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Wildlife Restoration Act
The Wildlife Restoration Act (WR), commonly referred to as the Pittman-Robertson (PR) Act, was sponsored by Senator Key Pittman of Nevada and Representative Willis Robertson of Virginia. The legislation was a cooperation between states, Federal Government, conservation groups and the sporting arms industry. The legislation was drafted by Carl Shoemaker and was passed in 1937.
The Wildlife Restoration Act provides grant funds to states, the District of Columbia and insular areas that have passed assent legislation. This means state legislation must be in effect and remain in effect restricting the use of revenue from license fees for use only by fish and wildlife agency. This Act later became the model for the Sport Fish Restoration Act.
Revenues from manufacturers’ excise taxes on firearms, ammunition, archery equipment and arrow components are transferred or deposited to the Wildlife Restoration Account. The interest earned on the WR Account is transferred to the North American Wetlands Conservation Fund. Import duties on firearms and ammunition are deposited in the Migratory Bird Conservation Fund.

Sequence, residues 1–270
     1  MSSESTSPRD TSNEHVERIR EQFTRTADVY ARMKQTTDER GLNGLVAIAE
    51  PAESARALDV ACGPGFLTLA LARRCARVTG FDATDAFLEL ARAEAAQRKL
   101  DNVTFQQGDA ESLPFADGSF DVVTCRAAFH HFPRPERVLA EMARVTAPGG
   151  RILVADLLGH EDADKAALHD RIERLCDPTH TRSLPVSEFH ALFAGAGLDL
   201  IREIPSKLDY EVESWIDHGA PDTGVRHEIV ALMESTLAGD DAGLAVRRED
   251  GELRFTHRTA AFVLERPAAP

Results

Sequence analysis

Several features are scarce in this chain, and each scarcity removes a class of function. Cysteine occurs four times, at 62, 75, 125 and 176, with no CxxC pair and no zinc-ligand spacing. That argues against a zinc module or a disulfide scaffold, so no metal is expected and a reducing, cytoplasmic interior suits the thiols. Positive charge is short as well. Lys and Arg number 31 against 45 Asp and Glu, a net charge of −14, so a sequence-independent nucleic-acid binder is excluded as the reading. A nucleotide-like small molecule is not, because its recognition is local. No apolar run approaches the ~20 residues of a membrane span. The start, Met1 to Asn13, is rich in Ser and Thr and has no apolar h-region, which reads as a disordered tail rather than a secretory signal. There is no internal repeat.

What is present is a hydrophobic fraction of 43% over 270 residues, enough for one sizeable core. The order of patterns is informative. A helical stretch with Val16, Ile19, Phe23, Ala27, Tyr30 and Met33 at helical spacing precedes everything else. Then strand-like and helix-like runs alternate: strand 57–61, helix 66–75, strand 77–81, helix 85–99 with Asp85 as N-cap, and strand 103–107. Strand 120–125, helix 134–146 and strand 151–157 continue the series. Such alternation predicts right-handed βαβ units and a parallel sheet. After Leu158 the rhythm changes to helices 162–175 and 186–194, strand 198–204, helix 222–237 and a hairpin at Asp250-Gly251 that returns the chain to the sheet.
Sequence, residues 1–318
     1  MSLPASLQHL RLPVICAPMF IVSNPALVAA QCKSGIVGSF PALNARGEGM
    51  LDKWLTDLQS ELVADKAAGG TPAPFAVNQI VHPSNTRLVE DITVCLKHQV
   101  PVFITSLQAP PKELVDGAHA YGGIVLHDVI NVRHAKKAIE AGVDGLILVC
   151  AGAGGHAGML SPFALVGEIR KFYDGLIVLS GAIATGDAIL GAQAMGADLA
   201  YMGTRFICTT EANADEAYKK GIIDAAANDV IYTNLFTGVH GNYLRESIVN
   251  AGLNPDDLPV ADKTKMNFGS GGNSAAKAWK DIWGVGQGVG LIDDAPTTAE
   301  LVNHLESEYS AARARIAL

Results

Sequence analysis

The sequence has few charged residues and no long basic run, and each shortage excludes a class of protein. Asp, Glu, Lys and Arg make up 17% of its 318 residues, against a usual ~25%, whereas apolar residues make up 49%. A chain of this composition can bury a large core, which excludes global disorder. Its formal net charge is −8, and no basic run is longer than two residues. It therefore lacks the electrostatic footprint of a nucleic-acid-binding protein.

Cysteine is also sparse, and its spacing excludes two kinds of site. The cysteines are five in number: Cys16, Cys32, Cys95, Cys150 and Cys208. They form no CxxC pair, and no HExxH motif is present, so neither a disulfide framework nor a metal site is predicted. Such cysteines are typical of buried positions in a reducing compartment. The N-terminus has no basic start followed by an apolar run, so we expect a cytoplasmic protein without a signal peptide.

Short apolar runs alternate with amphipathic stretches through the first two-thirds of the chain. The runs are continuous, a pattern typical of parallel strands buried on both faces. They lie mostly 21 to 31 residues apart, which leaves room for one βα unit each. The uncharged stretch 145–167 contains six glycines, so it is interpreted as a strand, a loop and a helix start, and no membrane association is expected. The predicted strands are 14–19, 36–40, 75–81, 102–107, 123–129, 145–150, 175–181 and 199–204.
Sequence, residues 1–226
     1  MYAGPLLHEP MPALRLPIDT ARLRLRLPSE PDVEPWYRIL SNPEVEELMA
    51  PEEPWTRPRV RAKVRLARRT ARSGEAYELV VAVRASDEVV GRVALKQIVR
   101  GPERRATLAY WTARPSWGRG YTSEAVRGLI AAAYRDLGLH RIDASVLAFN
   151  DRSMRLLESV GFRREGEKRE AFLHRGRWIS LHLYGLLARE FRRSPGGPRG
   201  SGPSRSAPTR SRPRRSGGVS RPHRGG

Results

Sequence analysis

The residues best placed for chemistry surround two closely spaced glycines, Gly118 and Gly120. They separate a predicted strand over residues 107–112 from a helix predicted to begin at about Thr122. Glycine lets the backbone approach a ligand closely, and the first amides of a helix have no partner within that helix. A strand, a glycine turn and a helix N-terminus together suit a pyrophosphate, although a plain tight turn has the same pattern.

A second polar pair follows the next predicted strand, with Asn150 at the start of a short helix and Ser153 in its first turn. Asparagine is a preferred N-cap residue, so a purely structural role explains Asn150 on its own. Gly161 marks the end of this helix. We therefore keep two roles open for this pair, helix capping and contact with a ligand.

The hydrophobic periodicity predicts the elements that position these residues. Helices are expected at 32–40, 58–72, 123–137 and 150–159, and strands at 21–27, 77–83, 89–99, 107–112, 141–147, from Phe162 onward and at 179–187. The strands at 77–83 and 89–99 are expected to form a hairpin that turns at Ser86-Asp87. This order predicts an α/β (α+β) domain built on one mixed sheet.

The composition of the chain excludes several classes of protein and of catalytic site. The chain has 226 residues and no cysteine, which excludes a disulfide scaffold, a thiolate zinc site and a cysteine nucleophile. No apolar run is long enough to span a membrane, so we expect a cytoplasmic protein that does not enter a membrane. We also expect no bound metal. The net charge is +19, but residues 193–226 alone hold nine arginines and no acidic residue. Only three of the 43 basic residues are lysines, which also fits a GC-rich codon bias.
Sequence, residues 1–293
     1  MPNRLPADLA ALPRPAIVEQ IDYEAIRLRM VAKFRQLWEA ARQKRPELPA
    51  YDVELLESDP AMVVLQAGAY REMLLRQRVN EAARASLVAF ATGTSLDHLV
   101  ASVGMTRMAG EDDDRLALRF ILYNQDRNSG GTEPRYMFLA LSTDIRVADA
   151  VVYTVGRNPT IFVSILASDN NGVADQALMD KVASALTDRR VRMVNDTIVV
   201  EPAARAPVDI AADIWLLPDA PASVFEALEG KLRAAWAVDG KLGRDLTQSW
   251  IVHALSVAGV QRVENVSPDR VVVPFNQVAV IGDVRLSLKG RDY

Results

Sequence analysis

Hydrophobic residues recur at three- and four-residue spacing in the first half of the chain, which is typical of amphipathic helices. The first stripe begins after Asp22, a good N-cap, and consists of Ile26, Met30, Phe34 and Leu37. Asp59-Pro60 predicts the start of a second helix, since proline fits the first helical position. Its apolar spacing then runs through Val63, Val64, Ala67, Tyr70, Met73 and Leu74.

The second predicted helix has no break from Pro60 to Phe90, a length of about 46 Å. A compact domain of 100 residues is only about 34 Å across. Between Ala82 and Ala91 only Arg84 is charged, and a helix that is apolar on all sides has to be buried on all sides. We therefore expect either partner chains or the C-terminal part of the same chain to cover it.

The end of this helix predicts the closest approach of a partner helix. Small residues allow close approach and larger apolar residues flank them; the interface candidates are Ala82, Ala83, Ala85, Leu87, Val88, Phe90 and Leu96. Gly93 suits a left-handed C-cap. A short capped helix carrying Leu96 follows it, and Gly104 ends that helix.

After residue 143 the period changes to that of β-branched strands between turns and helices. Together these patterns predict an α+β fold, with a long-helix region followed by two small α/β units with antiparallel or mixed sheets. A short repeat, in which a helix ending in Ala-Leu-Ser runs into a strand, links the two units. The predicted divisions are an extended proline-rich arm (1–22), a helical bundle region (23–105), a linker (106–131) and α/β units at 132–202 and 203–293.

Congressional amendments to the WR Act occurred in 1951, 1954, 1970, 1972, 1997, 2000 and 2005. These amendments made changes to taxable items and tax rates as well as authorizations and distribution of the funds.
The WR Act authorizes annual distributions from the Wildlife Restoration Account for the following:
- Administration of the Wildlife Restoration Program
- Multistate Conservation Grant Program
- Hunter Education Enhancements - Section 10 apportionments
- Hunter Education - Section 4 (c) (1/2 taxes collected on pistols, revolvers, bows, arrows and archer accessories) apportionments
- Remaining Funds in Wildlife Restoration Account are apportioned to states/DC/insular areas
- Reversions in the WR Account are transferred to Migratory Birds.